Looking for a job? Say 'Thank you!'
Your mother told you to do it, and now a new survey shows she was right: Sending a thank-you note not only displays impeccable manners but also may give job hopefuls an edge over other applicants. While nearly nine out of 10 of executives polled (88 percent) said sending a thank-you note following an interview can boost a job seeker's chances, they also estimate that half of applicants (49 percent) fail to do so. The good news: More candidates are following up post-interview today than five years ago.
The national poll included responses from 150 senior executives - including those from human resources, finance, and marketing departments - with the nation's 1,000 largest companies. It was conducted by an independent research firm and developed by Accountemps, the world's first and largest specialized staffing service for temporary accounting, finance and bookkeeping professionals.
Eighty-eight percent of executives said they consider a post-interview thank-you note influential when evaluating candidates, a slight increase from when executives were asked this same question five years ago (86 percent in 2002).
Executives polled said half (51 percent) of the candidates they interview send thank-you notes afterward, compared with 39 percent five years ago.
Executives also were asked, "How do you prefer to receive thank-you messages from candidates following interviews?" Their responses:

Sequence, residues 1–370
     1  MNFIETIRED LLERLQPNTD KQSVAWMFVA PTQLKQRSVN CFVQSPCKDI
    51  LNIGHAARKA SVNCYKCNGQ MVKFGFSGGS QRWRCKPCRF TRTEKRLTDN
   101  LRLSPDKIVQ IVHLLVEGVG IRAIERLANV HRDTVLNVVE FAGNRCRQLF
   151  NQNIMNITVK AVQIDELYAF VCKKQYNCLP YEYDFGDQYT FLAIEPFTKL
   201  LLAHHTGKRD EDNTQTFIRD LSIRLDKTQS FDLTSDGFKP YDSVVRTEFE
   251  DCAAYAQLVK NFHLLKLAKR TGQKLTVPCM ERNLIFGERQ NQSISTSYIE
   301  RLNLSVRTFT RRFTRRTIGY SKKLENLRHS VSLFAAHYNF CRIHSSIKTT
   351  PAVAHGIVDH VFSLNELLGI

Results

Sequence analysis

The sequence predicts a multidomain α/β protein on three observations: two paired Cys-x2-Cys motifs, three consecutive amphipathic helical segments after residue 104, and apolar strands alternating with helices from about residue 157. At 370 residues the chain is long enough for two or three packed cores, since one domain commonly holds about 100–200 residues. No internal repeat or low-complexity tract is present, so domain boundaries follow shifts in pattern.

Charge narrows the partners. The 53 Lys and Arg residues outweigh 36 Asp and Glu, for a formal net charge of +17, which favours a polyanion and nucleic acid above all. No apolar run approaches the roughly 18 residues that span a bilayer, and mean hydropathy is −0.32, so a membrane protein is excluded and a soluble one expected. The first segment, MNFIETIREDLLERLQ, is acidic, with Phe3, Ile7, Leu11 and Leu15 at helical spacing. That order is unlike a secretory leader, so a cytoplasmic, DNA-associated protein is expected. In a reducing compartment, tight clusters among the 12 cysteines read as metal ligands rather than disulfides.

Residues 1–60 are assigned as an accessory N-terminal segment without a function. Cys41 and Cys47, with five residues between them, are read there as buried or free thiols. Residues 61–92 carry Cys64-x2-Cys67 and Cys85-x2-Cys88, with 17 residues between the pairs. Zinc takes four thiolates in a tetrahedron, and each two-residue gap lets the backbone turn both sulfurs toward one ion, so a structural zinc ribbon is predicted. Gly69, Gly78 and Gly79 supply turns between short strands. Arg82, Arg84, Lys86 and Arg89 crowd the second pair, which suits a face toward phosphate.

52% Handwritten note
3% Prefer to receive both
1% Don't know
"Regardless of how someone believes he or she performed during the interview, sending a short thank-you note afterward demonstrates initiative and courtesy," said Max Messmer, chairman of Accountemps and author of Managing Your Career For Dummies (John Wiley & Sons, Inc.). "Conveying appreciation in a well-written message is not only polite, it also can distinguish a job applicant from others vying for the same position."
Messmer added that the best strategy often is to send an e-mail shortly after the interview, followed by more formal correspondence. "E-mail ensures immediacy, but hiring managers still favor the personal touch of a handwritten note," he said.
According to Accountemps, thank-you notes should be just a few paragraphs in length and accomplish three objectives: Express your appreciation for the opportunity; reinforce your interest in the job; and restate the value you can bring to the organization.
Accountemps has more than 350 offices throughout North America, Europe, and the Asia-Pacific region, and offers online job search services at www.accountemps.com.
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